Moderna announced that its COVID-19 vaccine candidate is 94.5 percent effective at protecting people from infection, compared to patients who received a placebo saline shot, according to an interim analysis of 95 participants the company released today (November 16).
“These are obviously very exciting results,” Anthony Fauci, the director of the US National Institute of Allergy and Infectious Diseases, tells CNN, noting he expects the first vaccinations to begin toward the end of December. “It’s just as good as it gets—94.5 percent is truly outstanding.”
The results put Moderna’s vaccine on par with competitor Pfizer’s COVID-19 vaccine, which was found to be 90 percent effective in a preliminary analysis of 94 participants. Both companies are expected to seek authorization for emergency use in the US and from other global regulators in the coming weeks. The European Medicines Agency announced today that it has begun...
Both vaccines use mRNA to instruct cells to create many copies of a piece of the SARS-CoV-2 virus, causing the immune system to be prepared to attack the virus should it try to invade. Although there are other vaccines in development that use this technology, none have been approved yet.
As mRNA can quickly degrade in warm temperatures, vaccine storage presents a serious practical challenge. While Pfizer’s vaccine must be stored at –70 °C, Moderna’s can be kept at –20 °C. Moderna also said today that once thawed, its vaccine can remain stable for a month at 2–8 °C.
“The fact that two different vaccines made by two different companies with two different kinds of structures, in a new messenger RNA concept, both worked so effectively confirms the concept once and for all that this is a viable strategy not only for COVID but for future infectious disease threats,” Barry Bloom, a public health professor at Harvard University, tells The New York Times.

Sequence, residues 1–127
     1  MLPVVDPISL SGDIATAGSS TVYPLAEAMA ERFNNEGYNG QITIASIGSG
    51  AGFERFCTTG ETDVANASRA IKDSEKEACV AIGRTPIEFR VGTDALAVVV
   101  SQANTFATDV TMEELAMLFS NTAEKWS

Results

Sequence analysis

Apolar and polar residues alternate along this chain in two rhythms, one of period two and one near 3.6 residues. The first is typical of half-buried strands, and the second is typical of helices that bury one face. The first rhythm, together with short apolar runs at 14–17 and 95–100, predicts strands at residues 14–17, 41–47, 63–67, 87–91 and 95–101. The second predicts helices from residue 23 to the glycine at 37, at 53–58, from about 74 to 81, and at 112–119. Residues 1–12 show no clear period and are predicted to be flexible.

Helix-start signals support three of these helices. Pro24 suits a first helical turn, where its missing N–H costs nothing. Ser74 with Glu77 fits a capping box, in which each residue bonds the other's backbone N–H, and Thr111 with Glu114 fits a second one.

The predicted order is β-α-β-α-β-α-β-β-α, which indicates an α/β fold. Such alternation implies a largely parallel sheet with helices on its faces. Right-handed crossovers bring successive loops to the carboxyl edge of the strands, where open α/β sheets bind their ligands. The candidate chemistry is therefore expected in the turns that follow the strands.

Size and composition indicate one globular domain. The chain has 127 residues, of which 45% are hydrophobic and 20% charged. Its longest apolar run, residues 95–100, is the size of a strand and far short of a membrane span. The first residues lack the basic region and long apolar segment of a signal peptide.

It’s unclear exactly how many of the trial’s 30,000 participants, who received either two doses of the vaccine or the placebo, have contracted COVID-19. The interim analysis includes 95 confirmed cases—five who had been given the vaccine and 90 who received the placebo. Among this group, 11—all in the placebo group—developed severe COVID-19.
“It was one of the greatest moments in my life and my career. It is absolutely amazing to be able to develop this vaccine and see the ability to prevent symptomatic disease with such high efficacy,” Tal Zaks, Moderna’s chief medical officer, tells CNN.
Like the Pfizer vaccine, Moderna’s reportedly does not have any serious side effects, but a small percentage of participants in the study experienced symptoms such as body aches and headaches. Pfizer did not release data on the vaccine’s performance to prevent severe cases.
Both companies announced their findings in press releases, not in peer-reviewed journals, and neither company provided the detailed data that would allow outside experts to evaluate their claims. As the studies continue, the figures on the vaccines’ efficacy may change. It is also unclear how long the immunity provided by the vaccines will last. Moderna and Pfizer conducted their trials using slightly different protocols. While participants in the Moderna trial needed to display at least two symptoms of disease in addition to a positive test for the virus to be officially counted as a COVID-19 case, the Pfizer trial required only one symptom and a positive test. Pfizer started counting cases seven days after the second injection of the vaccine, and Moderna waited 14 days.
Moderna has a $1.525 billion contract to provide the US with 100 million doses of the vaccine through Operation Warp Speed, with an option to purchase an additional 400 million doses.